Item 13.1 - Correspondence of Dawson Turner

Identity area

Reference code



Correspondence of Dawson Turner


  • 1790–1801 (Creation)

Level of description


Extent and medium

1 volume, measuring about 27 x 24 x 8 cm, containing two title-leaves, two indexes, and 211 letters and other papers pasted onto guards (Nos. 5–87, 87a, 88–109, 109a, 110–16, 116a, 117–51, 151a, 152–211), interspersed with blank leaves (two after the index and one after each year’s set of letters). One of the title-leaves is at the beginning; the other is between Nos. 118 and 119. There is a stiff fly-leaf at the front and another at the back, and on a guard before the title-leaf is an additional leaf (a sheet of laid paper backed with brown paper) bearing a newspaper cutting (No. 4a) and an accompanying inscription. Three letters (Nos. 1–3) are pasted to the recto of the front free endpaper, and a note (No. 4) is pasted to the recto of the front flyleaf. Half-bound in light-brown leather and marbled paper.

Context area

Name of creator


Biographical history

Dawson Turner was born and spent much of his life at Great Yarmouth in Norfolk. He was admitted as an undergraduate at Pembroke College, Cambridge, in 1793, but returned to Yarmouth before graduating, in order to take his place in the family banking business.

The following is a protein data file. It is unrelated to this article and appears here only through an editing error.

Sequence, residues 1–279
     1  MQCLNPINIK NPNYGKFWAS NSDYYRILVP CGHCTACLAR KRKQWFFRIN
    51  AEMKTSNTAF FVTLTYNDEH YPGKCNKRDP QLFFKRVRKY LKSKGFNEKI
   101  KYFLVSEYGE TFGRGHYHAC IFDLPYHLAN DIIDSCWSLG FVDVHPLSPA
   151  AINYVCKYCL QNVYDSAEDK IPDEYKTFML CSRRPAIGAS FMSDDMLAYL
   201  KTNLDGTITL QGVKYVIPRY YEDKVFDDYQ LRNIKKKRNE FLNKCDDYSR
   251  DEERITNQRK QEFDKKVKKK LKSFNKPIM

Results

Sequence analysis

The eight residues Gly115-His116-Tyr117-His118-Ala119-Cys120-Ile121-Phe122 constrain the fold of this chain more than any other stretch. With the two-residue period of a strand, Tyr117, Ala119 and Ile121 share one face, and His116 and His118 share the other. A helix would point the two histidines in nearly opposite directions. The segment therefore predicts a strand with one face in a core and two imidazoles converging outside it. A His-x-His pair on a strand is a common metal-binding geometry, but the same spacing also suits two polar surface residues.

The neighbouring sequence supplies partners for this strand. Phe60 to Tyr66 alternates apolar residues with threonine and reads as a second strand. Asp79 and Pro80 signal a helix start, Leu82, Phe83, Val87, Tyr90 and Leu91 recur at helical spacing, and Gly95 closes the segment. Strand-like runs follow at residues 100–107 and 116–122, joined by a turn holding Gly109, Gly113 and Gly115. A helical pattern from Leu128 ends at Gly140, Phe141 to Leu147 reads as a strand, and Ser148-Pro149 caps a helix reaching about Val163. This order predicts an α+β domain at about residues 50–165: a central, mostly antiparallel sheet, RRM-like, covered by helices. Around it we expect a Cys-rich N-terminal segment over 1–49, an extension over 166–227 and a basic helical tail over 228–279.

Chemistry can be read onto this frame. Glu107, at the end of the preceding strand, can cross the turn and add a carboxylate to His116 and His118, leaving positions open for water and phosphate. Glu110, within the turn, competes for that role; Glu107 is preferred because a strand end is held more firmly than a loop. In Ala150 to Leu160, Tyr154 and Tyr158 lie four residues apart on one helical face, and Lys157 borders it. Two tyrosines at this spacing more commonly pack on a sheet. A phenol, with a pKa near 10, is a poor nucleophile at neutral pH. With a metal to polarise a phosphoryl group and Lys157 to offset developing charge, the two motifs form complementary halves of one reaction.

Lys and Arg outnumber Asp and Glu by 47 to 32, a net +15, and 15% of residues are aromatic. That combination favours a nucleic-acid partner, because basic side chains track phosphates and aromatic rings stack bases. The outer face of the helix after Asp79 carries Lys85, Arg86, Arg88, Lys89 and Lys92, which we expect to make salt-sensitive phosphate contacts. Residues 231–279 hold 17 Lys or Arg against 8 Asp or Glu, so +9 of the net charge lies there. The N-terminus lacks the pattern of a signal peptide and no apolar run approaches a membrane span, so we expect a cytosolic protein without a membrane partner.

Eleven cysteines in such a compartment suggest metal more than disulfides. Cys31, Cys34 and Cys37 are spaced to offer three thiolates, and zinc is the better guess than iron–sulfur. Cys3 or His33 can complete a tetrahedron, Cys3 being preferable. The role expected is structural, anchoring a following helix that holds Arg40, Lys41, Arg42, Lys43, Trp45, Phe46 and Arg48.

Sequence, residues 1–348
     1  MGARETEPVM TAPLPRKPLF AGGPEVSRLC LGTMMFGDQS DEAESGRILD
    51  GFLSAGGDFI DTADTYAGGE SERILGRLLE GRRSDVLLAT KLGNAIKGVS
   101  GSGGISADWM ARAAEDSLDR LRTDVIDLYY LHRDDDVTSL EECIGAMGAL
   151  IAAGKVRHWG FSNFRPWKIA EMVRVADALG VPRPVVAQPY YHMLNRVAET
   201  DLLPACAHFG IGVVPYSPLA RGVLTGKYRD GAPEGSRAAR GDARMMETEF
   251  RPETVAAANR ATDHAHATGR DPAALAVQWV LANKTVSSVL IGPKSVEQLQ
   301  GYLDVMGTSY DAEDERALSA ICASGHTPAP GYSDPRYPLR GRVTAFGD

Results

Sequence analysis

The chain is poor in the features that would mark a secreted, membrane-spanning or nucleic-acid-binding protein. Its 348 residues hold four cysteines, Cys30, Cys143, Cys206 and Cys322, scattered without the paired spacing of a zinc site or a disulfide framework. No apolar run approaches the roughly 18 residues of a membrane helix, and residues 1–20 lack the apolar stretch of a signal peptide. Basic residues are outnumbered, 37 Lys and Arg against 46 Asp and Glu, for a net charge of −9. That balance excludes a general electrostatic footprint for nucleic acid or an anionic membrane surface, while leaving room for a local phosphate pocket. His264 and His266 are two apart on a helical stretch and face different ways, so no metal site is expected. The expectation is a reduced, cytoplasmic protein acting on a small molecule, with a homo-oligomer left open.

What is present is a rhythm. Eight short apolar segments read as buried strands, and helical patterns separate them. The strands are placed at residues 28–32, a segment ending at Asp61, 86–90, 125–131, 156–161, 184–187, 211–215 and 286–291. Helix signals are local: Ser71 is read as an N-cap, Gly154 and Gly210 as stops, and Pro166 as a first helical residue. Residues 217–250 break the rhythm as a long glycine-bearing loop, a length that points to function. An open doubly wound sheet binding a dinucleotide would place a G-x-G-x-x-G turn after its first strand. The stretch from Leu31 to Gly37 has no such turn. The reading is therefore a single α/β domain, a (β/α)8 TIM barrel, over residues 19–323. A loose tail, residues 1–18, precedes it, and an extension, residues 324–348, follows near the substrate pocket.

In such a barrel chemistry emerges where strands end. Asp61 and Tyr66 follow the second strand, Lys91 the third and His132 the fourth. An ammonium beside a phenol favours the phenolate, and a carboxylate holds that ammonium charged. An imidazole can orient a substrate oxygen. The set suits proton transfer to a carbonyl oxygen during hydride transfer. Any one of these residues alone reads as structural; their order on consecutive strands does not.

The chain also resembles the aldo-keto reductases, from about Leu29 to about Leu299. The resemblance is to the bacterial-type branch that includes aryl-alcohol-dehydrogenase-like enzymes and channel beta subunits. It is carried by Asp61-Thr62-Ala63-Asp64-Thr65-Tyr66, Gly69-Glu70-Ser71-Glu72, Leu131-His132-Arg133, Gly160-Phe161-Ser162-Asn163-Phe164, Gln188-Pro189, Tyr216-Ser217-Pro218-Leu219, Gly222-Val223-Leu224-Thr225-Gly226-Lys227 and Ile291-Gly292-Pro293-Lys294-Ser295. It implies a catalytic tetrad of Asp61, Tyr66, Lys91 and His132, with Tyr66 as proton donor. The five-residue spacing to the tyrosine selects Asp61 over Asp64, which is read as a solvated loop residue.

For some years Turner's chief interest was botany, particularly mosses, and he published several works on the subject and corresponded with many of the notable botanists of his day. In later life he concentrated on antiquarian pursuits, amassing a valuable collection of historical documents and autographs, as well as a substantial library which was eventually dispersed in a series of sales. He was a Fellow of various learned bodies, including the Royal Society, the Linnaean Society, and the Society of Antiquaries.